‘…the statistician…has access to unblinded data but the result of that unblinded data will probably be different tomorrow than it is yesterday, so they only ever hold probably out of date information. So actually that’s why most statisticians can go through a whole trial because they’re never dealing with a set piece of information, it’s only as good as the last analysis’.

The discussion did not result in a firm answer but rather that the pros and cons of each circumstance should be considered; however, the panel agreed that the statistician producing the DMC report could attend the TSC meetings as an observer.

‘…it seems that there are considerations for that [statistician involved in the DMC report attending the TSC meeting] but I don’t think that it should be frowned upon or a case made for it, you should just consider what the pros and cons are for the practice of the trial’.

What sort of experience, training, or preparation should TSC members have? (Question 3)

A TSC should represent a mix of skills and include both statistical/methodological and clinical inputs. All members of the TSC should have a commitment to the trial and skills that will help them act within their role as a TSC member, including being actively involved in trials themselves. Training to ensure the future capacity of experienced members is essential. Prior to acting as an independent member, the member should exhibit previous trials experience and acting as a non-independent member or an as observer for part of a wider trial team should be required.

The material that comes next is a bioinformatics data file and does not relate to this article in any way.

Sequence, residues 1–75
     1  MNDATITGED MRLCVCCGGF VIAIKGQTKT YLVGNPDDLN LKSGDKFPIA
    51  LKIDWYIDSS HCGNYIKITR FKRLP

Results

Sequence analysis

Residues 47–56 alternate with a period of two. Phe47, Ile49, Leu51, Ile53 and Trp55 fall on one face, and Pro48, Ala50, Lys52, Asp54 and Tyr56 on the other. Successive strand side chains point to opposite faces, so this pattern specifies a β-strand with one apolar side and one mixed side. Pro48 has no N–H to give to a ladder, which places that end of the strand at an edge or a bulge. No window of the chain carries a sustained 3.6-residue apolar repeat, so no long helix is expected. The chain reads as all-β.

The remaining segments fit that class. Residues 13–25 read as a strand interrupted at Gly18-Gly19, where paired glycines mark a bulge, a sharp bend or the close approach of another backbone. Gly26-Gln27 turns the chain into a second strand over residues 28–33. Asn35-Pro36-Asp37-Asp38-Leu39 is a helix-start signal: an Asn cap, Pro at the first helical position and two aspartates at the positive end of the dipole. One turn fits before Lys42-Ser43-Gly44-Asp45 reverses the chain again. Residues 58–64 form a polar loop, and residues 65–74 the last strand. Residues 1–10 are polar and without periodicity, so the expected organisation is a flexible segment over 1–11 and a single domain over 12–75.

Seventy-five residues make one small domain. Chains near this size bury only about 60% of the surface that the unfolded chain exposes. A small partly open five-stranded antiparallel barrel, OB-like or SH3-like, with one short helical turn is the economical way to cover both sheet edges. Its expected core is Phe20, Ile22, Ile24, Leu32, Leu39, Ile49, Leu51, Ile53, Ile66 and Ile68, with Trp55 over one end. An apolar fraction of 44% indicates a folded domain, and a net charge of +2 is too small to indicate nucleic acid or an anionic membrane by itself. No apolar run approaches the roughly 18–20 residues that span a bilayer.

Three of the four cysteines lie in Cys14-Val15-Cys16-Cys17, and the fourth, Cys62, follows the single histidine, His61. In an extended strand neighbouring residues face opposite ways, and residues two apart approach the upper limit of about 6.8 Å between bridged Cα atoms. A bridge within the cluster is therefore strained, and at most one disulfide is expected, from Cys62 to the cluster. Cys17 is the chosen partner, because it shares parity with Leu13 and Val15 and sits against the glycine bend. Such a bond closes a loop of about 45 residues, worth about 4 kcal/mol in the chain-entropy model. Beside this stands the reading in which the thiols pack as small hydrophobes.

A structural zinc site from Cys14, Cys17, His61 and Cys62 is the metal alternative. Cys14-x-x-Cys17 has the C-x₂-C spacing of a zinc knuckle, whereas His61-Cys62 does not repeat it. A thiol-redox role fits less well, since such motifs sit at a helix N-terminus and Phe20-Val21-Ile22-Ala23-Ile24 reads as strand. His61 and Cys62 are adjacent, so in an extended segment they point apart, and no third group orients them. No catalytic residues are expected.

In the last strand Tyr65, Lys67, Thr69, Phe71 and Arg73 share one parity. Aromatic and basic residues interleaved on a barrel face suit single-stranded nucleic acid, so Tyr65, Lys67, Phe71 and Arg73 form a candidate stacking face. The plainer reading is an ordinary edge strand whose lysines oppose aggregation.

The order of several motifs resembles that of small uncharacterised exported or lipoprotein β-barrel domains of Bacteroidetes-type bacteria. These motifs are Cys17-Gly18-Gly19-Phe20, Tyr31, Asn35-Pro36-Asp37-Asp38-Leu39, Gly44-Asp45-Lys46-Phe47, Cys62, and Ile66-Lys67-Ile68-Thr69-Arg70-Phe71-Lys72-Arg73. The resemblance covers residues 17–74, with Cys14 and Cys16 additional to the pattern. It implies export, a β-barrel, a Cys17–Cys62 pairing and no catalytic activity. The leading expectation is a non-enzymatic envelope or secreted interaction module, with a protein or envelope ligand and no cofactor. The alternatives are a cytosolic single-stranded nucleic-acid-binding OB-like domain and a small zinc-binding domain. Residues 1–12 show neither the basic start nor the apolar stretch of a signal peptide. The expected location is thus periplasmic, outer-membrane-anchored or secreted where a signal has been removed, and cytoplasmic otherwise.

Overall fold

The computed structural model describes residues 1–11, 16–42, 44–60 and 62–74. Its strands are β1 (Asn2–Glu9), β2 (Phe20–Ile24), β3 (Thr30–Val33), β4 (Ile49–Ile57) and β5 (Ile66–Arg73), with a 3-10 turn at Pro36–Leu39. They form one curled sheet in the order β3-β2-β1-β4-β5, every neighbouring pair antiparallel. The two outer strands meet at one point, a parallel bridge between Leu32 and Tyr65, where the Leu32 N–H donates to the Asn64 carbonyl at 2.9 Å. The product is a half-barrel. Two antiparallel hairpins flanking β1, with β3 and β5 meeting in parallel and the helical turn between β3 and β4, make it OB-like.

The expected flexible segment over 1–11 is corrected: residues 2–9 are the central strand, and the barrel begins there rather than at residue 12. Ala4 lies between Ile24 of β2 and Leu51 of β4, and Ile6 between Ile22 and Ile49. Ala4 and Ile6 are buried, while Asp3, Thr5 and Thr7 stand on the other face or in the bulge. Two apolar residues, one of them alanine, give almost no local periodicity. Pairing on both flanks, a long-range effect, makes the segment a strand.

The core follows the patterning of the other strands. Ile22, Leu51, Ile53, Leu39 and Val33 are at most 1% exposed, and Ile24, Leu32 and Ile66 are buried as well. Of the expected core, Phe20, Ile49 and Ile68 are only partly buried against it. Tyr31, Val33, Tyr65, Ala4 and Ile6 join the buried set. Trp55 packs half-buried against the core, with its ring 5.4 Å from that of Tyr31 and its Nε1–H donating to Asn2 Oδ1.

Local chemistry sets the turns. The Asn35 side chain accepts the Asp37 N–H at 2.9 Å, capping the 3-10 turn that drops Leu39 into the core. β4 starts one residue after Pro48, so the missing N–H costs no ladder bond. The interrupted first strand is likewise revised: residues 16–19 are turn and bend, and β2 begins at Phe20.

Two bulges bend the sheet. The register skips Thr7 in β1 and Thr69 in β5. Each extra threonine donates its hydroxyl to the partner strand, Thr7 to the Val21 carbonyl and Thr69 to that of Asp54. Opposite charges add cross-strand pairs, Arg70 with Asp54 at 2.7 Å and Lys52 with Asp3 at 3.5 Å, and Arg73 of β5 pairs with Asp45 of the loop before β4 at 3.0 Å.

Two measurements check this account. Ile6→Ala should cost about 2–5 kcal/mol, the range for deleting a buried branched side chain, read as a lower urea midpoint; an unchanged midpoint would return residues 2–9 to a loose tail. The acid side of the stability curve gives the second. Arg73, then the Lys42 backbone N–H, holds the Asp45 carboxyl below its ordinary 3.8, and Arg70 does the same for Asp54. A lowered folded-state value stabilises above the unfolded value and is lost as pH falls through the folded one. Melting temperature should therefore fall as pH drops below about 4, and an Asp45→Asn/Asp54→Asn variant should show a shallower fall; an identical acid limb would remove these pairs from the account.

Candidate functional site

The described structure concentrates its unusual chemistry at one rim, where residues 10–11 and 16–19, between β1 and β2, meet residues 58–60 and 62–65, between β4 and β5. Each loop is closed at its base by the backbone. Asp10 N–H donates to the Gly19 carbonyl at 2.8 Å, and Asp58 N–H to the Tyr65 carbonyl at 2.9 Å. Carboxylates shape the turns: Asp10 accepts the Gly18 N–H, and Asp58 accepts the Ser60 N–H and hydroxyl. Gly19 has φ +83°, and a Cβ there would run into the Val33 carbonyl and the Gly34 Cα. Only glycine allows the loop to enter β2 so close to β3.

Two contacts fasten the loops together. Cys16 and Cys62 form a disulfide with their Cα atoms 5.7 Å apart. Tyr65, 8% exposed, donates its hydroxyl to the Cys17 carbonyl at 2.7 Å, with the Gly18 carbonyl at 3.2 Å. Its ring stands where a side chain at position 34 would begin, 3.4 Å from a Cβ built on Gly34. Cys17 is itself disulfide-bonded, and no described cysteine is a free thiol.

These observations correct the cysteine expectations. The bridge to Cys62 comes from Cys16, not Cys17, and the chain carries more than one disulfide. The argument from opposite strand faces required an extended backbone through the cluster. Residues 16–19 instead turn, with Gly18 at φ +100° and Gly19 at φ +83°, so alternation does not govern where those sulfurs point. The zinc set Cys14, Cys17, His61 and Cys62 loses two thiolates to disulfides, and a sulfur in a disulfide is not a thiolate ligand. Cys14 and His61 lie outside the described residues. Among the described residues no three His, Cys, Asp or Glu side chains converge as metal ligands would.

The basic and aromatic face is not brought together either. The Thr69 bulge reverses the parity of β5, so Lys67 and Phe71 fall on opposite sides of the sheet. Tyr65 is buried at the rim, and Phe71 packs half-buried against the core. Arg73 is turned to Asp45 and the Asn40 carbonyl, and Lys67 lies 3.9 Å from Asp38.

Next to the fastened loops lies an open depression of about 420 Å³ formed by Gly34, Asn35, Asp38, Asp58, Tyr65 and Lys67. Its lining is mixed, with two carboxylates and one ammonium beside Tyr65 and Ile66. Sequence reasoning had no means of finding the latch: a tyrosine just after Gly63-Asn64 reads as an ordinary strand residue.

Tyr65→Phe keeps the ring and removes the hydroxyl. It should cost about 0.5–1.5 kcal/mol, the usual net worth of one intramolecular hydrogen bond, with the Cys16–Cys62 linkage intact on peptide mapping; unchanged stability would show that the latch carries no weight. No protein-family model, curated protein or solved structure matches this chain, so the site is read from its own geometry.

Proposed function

‘…..but always try and have a junior person come and shadow or just observe, because I can remember when I first went to one of those [a TSC meeting], I hadn’t a clue what I was supposed to do, and I actually don’t think anyone else had much of a clue what they were meant to do either, but we have moved on a long way. But it is vital, yes there are too few people with a lot of experience, we need to… continually build up capacity’.

Members acting in an independent capacity for the first time may benefit from an independent mentor who would not attend the TSC meetings but would be bound by confidentiality and be willing to discuss issues with the appointed member.

Further discussion took place specifically about the experience of the independent TSC Chairperson. The expert panel considered the experience of the Chair to be particularly important and that the Chair, as in the DAMOCLES recommendations for DMCs, should have previous experience of TSC meetings and be able to facilitate meetings and enable effective interaction within the group.

‘…you need a range of skills, you need a strong Chairman who is experienced …, and who has a good relationship with the trial investigators and is able to speak to them, often about [difficult] issues…’